In order to receive Mondaq News Alerts, users have to complete a separate registration form. This is a personalised service where users choose regions and topics of interest and we send it only to those users who have requested it. Users can stop receiving these Alerts by going to the Mondaq News Alerts page and deselecting all interest areas. In the same way users can amend their personal preferences to add or remove subject areas.


    A cookie is a small text file written to a user’s hard drive that contains an identifying user number. The cookies do not contain any personal information about users. We use the cookie so users do not have to log in every time they use the service and the cookie will automatically expire if you do not visit the Mondaq website (or its affiliate sites) for 12 months. We also use the cookie to personalise a user's experience of the site (for example to show information specific to a user's region). As the Mondaq sites are fully personalised and cookies are essential to its core technology the site will function unpredictably with browsers that do not support cookies - or where cookies are disabled (in these circumstances we advise you to attempt to locate the information you require elsewhere on the web). However if you are concerned about the presence of a Mondaq cookie on your machine you can also choose to expire the cookie immediately (remove it) by selecting the 'Log Off' menu option as the last thing you do when you use the site.

    Some of our business partners may use cookies on our site (for example, advertisers). However, we have no access to or control over these cookies and we are not aware of any at present that do so.

    Log Files

    We use IP addresses to analyse trends, administer the site, track movement, and gather broad demographic information for aggregate use. IP addresses are not linked to personally identifiable information.


    This web site contains links to other sites. Please be aware that Mondaq (or its affiliate sites) are not responsible for the privacy practices of such other sites. We encourage our users to be aware when they leave our site and to read the privacy statements of these third party sites. This privacy statement applies solely to information collected by this Web site.

    Surveys & Contests

    From time-to-time our site requests information from users via surveys or contests. Participation in these surveys or contests is completely voluntary and the user therefore has a choice whether or not to disclose any information requested. Information requested may include contact information (such as name and delivery address), and demographic information (such as postcode, age level). Contact information will be used to notify the winners and award prizes. Survey information will be used for purposes of monitoring or improving the functionality of the site.


    If a user elects to use our referral service for informing a friend about our site, we ask them for the friend’s name and email address. Mondaq stores this information and may contact the friend to invite them to register with Mondaq, but they will not be contacted more than once. The friend may contact Mondaq to request the removal of this information from our database.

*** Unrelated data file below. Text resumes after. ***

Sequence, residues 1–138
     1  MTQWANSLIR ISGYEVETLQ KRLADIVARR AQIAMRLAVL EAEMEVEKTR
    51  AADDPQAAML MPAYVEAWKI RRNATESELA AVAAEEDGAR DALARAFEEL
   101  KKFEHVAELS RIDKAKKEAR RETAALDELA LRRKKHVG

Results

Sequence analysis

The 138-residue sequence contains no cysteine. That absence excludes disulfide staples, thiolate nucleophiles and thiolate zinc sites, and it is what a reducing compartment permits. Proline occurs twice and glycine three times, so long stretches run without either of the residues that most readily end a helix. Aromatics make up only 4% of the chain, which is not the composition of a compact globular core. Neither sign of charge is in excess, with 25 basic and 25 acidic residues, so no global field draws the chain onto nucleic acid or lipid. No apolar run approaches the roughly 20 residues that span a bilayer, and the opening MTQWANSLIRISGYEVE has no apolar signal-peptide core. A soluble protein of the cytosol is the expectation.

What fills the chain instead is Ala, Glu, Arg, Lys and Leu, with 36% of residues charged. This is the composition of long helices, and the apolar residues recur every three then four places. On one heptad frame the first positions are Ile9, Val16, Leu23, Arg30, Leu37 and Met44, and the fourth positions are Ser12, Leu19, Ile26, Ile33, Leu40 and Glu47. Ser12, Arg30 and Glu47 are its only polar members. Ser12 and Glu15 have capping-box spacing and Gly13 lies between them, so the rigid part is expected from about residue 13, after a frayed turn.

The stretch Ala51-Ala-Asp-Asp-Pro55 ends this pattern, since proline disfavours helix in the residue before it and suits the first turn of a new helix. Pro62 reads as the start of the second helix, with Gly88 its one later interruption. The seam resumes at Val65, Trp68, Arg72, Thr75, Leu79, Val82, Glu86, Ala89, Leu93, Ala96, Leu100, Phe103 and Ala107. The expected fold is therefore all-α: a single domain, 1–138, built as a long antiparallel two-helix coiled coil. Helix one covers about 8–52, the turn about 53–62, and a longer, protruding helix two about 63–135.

From time to time Mondaq may send you emails promoting Mondaq services including new services. You may opt out of receiving such emails by clicking below.

    *** If you do not wish to receive any future announcements of services offered by Mondaq you may opt out by clicking here .


    This website takes every reasonable precaution to protect our users’ information. When users submit sensitive information via the website, your information is protected using firewalls and other security technology. If you have any questions about the security at our website, you can send an email to

    Correcting/Updating Personal Information

    If a user’s personally identifiable information changes (such as postcode), or if a user no longer desires our service, we will endeavour to provide a way to correct, update or remove that user’s personal data provided to us. This can usually be done at the “Your Profile” page or by sending an email to

    Notification of Changes

    If we decide to change our Terms & Conditions or Privacy Policy, we will post those changes on our site so our users are always aware of what information we collect, how we use it, and under what circumstances, if any, we disclose it. If at any point we decide to use personally identifiable information in a manner different from that stated at the time it was collected, we will notify users by way of an email. Users will have a choice as to whether or not we use their information in this different manner. We will use information in accordance with the privacy policy under which the information was collected.

    How to contact Mondaq

    You can contact us with comments or queries at

    If for some reason you believe Mondaq Ltd. has not adhered to these principles, please notify us by e-mail at and we will use commercially reasonable efforts to determine and correct the problem promptly.

    By clicking Register you state you have read and agree to our Terms and Conditions